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A Translingual Approach and Its Implications for L2 Writing
In order to distinguish essays and pre-prints from academic theses, we have a separate category. These are often much longer text based documents than a paper.
A translingual approach to writing as a new paradigm has been proposed to challenge English monolingualism, question traditional ideas on language difference, advocate for writer agency in shaping their own language, and legitimize additional languages/varieties as resources rather than deficits in the target language teaching, learning, and using. Though these central tenets are broadly valorized, the notion of “translingual” has elicited a number of concerns, such as the partial representation of language mixture ideas in sociolinguistics and second language studies, the pedagogical implications for language learners, the discouragement of discussion about similarities and differences among languages, and the missing discussion of language development. Given these concerns, a translingual approach has not been well-represented in the field of L2 writing.
In this dissertation, I introduced the development of the notion of a translingual approach to writing, summarized its conceptual debates, outlined its practical enactment, conducted a case study to examine a L2 writing process from a translingual approach, and discussed the possibilities and challenges of a translingual approach to L2 writing. To be specific, the notion of a translingual approach to writing has been continually extended by incorporating various concepts, such as a temporal-spatial approach, translation, spatial repertoires, and an ecological approach. This extension has elicited some debates on its conceptualization, e.g., code-switching vs. code-meshing vs. rhetorical sensibility, language competence vs. language performance, a multilingual approach vs. a translingual approach, and a translingual approach to writing and L2 writing. Despite these debates, a translingual approach to writing has been implemented in different contexts (such as EFL, ESL, ENL, and cross-cultural contexts) with different writer groups (e.g., K-12 students, college students, and professional writers) and for different purposes (such as, improving teaching, motivating learning, and being more creative in writing).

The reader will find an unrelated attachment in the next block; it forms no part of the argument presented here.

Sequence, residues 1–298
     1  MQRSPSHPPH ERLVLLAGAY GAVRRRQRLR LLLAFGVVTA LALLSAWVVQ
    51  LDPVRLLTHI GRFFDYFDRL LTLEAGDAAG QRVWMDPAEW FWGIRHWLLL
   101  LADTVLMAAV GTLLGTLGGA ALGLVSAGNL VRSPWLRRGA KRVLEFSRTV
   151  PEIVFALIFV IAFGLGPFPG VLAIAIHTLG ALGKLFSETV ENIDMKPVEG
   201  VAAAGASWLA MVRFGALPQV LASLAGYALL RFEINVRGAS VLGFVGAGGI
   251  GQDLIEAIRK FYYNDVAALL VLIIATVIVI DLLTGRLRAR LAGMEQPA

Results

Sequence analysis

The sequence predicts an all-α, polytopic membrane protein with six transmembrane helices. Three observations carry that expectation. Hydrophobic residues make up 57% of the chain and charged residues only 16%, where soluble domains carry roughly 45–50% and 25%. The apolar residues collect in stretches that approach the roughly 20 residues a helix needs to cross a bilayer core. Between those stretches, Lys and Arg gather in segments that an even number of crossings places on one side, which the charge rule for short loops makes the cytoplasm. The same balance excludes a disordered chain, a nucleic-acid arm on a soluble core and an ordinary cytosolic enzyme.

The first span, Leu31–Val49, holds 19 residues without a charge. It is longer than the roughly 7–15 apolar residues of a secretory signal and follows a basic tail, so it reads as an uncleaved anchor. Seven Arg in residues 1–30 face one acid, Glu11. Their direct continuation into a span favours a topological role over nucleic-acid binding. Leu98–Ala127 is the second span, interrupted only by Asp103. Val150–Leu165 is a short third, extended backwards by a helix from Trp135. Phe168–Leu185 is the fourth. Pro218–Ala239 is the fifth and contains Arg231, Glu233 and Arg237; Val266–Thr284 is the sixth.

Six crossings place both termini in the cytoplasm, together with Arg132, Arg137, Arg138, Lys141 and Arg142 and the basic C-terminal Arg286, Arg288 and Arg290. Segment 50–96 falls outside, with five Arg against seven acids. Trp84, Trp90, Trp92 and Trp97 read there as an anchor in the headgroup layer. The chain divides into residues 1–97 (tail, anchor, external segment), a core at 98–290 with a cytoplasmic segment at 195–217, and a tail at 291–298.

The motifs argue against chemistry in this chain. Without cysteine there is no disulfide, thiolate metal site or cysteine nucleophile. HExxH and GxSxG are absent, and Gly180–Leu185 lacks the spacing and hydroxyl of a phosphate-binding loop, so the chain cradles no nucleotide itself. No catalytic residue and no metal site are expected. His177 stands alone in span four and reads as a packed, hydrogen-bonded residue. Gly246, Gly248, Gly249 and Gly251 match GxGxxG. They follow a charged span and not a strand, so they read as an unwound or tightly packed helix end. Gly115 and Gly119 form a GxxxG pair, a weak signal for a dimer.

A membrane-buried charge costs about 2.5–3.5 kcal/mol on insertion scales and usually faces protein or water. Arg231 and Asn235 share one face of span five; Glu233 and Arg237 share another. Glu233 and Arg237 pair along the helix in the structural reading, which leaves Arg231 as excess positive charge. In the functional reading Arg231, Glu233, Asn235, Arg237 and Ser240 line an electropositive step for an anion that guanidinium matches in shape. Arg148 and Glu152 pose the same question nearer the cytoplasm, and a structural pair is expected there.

The results from the conceptual debate synthesis, enactment summary, and the case study indicated that a translingual approach is possible to benefit L2 writing theoretically, ideologically, and pedagogically. However, the findings also showed the challenges of a translingual approach to L2 writing, such as the confusing definition of “translingual writing” with L2 writing, the resistance of language norms by a translingual approach, and the blurring differences between languages and language users. Hopefully, this dissertation could be a bridge between a translingual approach to writing and L2 writing.